- Subject index
`This book represents a significant intervention and, as such, should be used on numerous cultural studies courses. In its intellectual honesty and clarity Tudor's book will stand as an authoritative basis for further developments in the coming years' - David Chaney Decoding Culture offers a concise and accessible account of the development of cultural studies from the late 1950s to the 1990s. Focusing on the significant theoretical and methodological assumptions that have informed the cultural studies project - the text: covers the key thinkers and key perspectives including, structuralism and post-structuralism, Screen theory, the Birmingham School, and audience analysis; offers a timely corrective t
Chapter 2: The Way We Were
The Way We Were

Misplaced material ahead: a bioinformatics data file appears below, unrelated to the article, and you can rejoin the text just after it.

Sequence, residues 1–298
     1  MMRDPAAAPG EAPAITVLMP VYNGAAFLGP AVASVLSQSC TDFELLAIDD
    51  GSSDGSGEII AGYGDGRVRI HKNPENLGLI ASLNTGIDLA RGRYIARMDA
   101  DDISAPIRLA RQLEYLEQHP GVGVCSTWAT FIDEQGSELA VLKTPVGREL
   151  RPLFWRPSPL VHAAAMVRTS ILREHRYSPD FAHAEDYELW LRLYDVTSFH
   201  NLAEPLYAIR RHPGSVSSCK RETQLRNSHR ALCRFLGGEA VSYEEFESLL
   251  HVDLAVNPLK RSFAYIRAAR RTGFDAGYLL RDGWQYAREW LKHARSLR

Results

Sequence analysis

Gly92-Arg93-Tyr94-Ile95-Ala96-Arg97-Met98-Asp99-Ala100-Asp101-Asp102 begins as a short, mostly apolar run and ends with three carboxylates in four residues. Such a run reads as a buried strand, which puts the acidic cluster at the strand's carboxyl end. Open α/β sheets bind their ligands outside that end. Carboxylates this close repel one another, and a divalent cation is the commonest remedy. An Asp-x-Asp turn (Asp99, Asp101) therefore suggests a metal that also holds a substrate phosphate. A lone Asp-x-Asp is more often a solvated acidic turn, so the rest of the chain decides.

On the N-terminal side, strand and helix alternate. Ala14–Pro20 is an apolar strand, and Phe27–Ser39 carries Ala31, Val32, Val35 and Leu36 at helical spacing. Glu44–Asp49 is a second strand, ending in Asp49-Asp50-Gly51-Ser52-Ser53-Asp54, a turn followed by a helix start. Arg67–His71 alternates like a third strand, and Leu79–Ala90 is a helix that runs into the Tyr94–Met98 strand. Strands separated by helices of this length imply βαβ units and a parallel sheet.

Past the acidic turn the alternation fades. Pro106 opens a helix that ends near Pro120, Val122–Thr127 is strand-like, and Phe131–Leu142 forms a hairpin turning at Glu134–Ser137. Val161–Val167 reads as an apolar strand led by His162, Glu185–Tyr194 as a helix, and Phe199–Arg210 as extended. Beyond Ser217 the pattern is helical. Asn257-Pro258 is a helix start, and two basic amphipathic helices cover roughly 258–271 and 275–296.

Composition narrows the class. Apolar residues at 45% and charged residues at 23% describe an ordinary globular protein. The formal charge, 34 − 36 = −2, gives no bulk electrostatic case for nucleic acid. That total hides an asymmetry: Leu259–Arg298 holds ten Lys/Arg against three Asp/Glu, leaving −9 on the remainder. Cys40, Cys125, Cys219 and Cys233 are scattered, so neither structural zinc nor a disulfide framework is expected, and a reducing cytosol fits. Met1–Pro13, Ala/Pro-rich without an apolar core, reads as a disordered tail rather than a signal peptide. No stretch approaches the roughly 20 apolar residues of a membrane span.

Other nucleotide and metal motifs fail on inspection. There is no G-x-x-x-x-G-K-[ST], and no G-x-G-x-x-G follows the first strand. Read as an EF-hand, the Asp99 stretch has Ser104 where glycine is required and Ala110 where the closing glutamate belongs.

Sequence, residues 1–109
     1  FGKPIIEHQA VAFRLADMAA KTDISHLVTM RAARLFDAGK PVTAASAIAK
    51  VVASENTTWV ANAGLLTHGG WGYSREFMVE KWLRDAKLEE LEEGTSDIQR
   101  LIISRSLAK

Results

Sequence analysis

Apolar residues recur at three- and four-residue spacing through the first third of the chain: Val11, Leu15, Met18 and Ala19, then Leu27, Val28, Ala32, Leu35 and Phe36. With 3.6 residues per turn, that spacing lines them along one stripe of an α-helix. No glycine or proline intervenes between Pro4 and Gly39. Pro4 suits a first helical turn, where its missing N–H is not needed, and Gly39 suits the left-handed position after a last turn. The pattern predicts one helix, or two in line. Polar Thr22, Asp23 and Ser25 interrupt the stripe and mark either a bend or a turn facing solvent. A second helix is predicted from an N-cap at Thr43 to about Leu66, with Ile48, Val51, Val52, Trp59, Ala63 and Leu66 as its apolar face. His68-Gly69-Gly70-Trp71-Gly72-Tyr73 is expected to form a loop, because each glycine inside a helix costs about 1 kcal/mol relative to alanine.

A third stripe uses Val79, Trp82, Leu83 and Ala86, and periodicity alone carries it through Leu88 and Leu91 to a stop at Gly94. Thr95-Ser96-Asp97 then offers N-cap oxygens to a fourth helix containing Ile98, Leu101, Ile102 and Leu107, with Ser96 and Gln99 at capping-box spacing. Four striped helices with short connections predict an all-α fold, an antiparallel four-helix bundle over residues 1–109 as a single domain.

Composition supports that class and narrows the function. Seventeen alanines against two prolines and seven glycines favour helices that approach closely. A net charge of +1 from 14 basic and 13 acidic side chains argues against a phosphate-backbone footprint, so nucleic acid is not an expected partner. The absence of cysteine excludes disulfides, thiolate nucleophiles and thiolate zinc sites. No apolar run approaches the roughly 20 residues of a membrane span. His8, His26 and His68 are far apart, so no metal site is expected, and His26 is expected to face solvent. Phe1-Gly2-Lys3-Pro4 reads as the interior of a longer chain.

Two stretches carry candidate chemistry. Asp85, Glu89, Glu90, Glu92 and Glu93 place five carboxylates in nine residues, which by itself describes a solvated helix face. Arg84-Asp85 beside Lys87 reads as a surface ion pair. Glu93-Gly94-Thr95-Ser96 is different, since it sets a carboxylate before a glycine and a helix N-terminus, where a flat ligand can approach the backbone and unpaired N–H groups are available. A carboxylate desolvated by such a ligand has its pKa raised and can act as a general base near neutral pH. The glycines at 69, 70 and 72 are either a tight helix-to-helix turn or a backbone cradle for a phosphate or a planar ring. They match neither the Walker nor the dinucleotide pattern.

Like tribal societies, nascent disciplines are drawn to origin myths, stories which stabilize otherwise recalcitrant histories by identifying founding figures. Perhaps it is comforting to feel that one is, in Newton's memorable phrase, ‘standing on the shoulders of giants’, if not to see further, like Newton himself, then at least to feel the benefit of good company. The very identification of founders gives us a sense of intellectual commonality, of tradition, of aspirations shared and enemies discomfited. It offers a collective memory of the way we were, and a kind of legitimation of how we are, for although the intellectual giants of our past are not to blame for what we have done to their project, their ghosts ...